As an introduction, I would recommend people to take any programming language they want and, once they are passed the basics, write their own GIF image viewer. GIF is common, simple and well documented. It is also easy to see what is going on since the end result is a picture.

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Post by Risca » Sat May 27, 2017 11:04 pm

Y0!
I've been working on reverse engineering the Death Gate game about once a year for the past 5 years and now it's time to make some findings public. My notes:
https://gist.github.com/Risca/e83f7e7b2 ... b58dd6ca92

I've also made a program that lets you explore the Death Gate media:
  • Still images (still have problems with these)
  • Animations
  • Music
  • Voice and sound effects
  • Text
Source and build instructions here (only tested on Linux):
https://github.com/Risca/dgate_resource_manager

However, as previous posters have pointed out, the game engine is hard coded. I've messed with the IDA disassembler to figure stuff out, but my experience is simply not there yet. I believe large parts of the DGATE.EXE binary is just raw data, or maybe my version of IDA is just having problems interpreting the file. I would like your input on what you believe would be the best attack vector on adding Legend Entertainment (Death Gate in particular) to ScummVM:
  • Re-invent the game engine since the media formats are now known (mostly)?
  • Continue to reverse engineer the DGATE.EXE to extract some kind of script data?
  • Other approaches?
Some screenshots of the resource manager
Image Image Image Image Image

EDIT: formatting
Last edited by Risca on Mon May 29, 2017 10:42 pm, edited 3 times in total.

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dreammaster
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Post by dreammaster » Sun May 28, 2017 1:35 am

You sir, are nothing less that an absolute, awesome, siren :) I myself spent some time whilst I was out of the country on business recently to take a break from working on Starship Titanic to actually work on further disassembly and implementation of code for the Legend Entertainment games, specifically, Companions of Xanth and Gateway. I've had to temporarily shelve work on it when I came back, though, because I'm getting close to having Starship Titanic completable. And unfortunately, I've got a near complete implementation of Xeen 4 & 5 Clouds/Dark Side/World of Xeen to finish off as well; otherwise I'd be still be working on it. And now you turn up with all this lovely information..

As it stands:

Firstly, I've spent some time creating an engine core that will make it easy for me to implement the multiple different Legend entertainment games. I pinched a lot of code from Starship Titanic ironically enough - it has a really clean, modular design that I fell in love with. I've already got some in progress code for showing parts of the Xanth conversation window, and the Gateway scene view. Not much to look at visually, but still, there's a significant amount of graphics and core code already implemented for it.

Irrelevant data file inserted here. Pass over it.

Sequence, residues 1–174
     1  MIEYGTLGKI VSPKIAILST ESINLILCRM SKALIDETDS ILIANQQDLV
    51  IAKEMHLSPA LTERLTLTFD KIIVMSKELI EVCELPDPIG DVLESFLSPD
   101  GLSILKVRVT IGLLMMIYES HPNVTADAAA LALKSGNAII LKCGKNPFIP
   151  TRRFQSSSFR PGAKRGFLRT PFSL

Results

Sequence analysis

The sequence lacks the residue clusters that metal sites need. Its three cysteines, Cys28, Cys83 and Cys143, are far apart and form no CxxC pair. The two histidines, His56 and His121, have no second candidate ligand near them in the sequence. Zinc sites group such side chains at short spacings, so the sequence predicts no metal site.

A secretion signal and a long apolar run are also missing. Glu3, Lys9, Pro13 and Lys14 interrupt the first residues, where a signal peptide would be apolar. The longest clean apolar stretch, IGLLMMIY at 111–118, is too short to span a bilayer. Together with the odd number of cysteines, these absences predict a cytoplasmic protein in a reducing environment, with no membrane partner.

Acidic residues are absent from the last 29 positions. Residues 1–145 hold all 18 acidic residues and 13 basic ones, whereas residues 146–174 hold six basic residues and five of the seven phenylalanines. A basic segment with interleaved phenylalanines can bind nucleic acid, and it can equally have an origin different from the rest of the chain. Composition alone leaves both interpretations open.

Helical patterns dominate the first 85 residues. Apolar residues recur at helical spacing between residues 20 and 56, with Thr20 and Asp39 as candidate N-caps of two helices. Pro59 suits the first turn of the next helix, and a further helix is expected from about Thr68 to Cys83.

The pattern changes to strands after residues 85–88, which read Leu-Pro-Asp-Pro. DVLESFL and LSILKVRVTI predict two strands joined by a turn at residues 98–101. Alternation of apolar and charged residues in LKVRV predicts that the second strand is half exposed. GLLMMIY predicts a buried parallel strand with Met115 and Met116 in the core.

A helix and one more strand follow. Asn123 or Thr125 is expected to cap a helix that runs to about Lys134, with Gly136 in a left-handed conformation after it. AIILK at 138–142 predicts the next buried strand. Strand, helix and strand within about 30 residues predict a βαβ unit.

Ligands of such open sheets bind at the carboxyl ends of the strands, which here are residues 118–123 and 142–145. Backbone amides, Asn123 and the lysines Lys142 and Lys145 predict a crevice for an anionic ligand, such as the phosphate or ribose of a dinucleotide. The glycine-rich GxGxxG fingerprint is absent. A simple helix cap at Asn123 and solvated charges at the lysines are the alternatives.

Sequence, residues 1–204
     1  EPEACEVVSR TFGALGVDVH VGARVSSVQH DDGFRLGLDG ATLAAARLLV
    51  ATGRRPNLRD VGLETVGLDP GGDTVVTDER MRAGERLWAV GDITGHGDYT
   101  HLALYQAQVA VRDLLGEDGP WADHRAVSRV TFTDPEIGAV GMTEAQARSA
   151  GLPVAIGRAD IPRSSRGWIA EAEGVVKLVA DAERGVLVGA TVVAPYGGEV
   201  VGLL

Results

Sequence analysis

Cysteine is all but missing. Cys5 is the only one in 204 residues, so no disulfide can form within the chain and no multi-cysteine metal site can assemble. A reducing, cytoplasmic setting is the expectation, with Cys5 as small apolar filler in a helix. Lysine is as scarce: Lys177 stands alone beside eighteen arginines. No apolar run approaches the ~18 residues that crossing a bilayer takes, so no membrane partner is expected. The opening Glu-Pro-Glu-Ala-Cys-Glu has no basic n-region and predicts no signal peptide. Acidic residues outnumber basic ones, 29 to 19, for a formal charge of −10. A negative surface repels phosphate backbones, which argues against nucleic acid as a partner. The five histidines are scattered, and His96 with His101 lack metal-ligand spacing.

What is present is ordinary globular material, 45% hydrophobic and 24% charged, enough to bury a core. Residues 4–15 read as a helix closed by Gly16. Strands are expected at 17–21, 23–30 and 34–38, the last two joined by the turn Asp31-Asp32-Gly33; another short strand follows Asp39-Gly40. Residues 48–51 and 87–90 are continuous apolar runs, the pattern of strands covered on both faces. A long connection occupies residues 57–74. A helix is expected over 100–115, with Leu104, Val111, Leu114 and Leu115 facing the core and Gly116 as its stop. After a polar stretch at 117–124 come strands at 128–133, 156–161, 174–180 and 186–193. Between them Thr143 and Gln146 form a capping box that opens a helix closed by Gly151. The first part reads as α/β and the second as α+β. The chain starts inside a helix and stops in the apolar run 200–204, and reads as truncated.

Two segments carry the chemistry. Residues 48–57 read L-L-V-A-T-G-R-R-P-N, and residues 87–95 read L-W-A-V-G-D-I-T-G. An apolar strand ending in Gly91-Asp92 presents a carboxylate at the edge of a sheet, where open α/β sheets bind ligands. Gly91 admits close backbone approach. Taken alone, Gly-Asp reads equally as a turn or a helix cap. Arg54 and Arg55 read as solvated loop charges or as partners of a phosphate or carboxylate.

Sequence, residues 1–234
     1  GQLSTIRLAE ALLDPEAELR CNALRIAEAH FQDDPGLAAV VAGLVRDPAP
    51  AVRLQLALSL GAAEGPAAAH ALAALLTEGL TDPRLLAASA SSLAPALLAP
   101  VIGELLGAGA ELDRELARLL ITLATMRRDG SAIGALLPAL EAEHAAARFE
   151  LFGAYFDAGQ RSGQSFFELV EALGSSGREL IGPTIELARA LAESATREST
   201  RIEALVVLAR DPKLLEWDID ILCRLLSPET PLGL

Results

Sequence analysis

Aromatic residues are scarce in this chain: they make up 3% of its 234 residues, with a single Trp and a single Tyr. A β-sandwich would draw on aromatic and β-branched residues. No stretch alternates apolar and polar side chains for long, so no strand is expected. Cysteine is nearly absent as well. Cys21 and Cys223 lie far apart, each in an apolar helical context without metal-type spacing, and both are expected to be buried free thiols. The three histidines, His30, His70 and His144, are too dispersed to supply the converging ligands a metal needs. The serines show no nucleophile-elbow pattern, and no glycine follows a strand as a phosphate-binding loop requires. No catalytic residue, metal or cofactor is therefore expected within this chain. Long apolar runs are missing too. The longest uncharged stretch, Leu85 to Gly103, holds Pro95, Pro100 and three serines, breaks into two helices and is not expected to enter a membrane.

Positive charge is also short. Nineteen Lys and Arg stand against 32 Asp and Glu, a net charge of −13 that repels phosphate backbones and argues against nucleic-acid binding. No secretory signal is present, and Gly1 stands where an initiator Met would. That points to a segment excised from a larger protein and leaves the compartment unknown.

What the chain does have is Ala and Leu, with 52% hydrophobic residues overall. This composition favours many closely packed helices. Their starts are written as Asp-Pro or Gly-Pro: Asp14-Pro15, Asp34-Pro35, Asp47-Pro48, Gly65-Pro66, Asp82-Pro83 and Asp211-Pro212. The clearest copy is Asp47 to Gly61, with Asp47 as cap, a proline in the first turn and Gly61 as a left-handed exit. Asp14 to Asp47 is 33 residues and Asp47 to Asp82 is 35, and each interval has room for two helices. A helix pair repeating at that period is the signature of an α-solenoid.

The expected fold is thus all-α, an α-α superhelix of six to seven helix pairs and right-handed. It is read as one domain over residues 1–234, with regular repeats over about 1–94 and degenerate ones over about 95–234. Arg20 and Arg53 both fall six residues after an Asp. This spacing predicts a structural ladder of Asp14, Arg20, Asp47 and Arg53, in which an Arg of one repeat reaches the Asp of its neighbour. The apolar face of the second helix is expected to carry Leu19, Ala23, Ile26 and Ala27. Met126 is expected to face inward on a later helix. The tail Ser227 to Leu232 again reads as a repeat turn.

If you're interested in perusing my engine further, see my engine branch on Github.

Now onto your question about DGATE.EXE. I hadn't really looked at it's executable before; I concentrated more on Xanth because it was the earlier of the two "fully graphical" Legend games. That actually proved tricky.. the Xanth executable was encoded with RTLink, an overlay manager the let parts of the executable be swapped in and out of memory. I had a hell of time trying to disassemble it in IDA, because none of the method calls actually pointed to code they were calling, and various different data blocks could be loaded in and out of the same area of memory. In the end, I had to write a tool, rtlink_decode, just to do a whole bunch of processing of the executable to produce a dummy executable that had all the code laid out sequentially, and fixed all the method calls so that IDA could properly disassemble it. Well, mostly properly. There's still the occasional incorrect segment references.

Sorry, got a bit long winded there. Returning to point, I had a quick look at the dgate.exe executable, and it looks like it didn't use RTLink. This may be both a good and bad thing. Just dumping the executable IDA into IDA, it gives an error about not being able to load all the file. This could be indicative of some form of manually loading the extra bits into memory. But since it's not using RTLink, I can't say for sure how much of a problem this may be.

If you want to keep working on Death Gate, at least take cheer that you're not the only one interested in the Legend games. And that once my current backlog of games are dealt with, and presuming nothing more interesting comes along, I'll be working on a game, Xanth, that likely shares a lot of code in common with Death Gate. It should make it easier to eventually add support for it as well. And your work done already may just make it that much easier to finish Xanth. So thanks :)

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Post by Risca » Sun May 28, 2017 2:03 am

My work on Death Gate started at a LAN party [1] about 5 years ago when I wanted to learn more about reverse engineering. Since then, I've come back to this LAN party annually to continue the work. Unfortunately, this years' LAN party is nearing its end and my allotted time for Death Gate work will become more limited again. It's almost 4 am and I need some sleep. At least this time I got some code published :)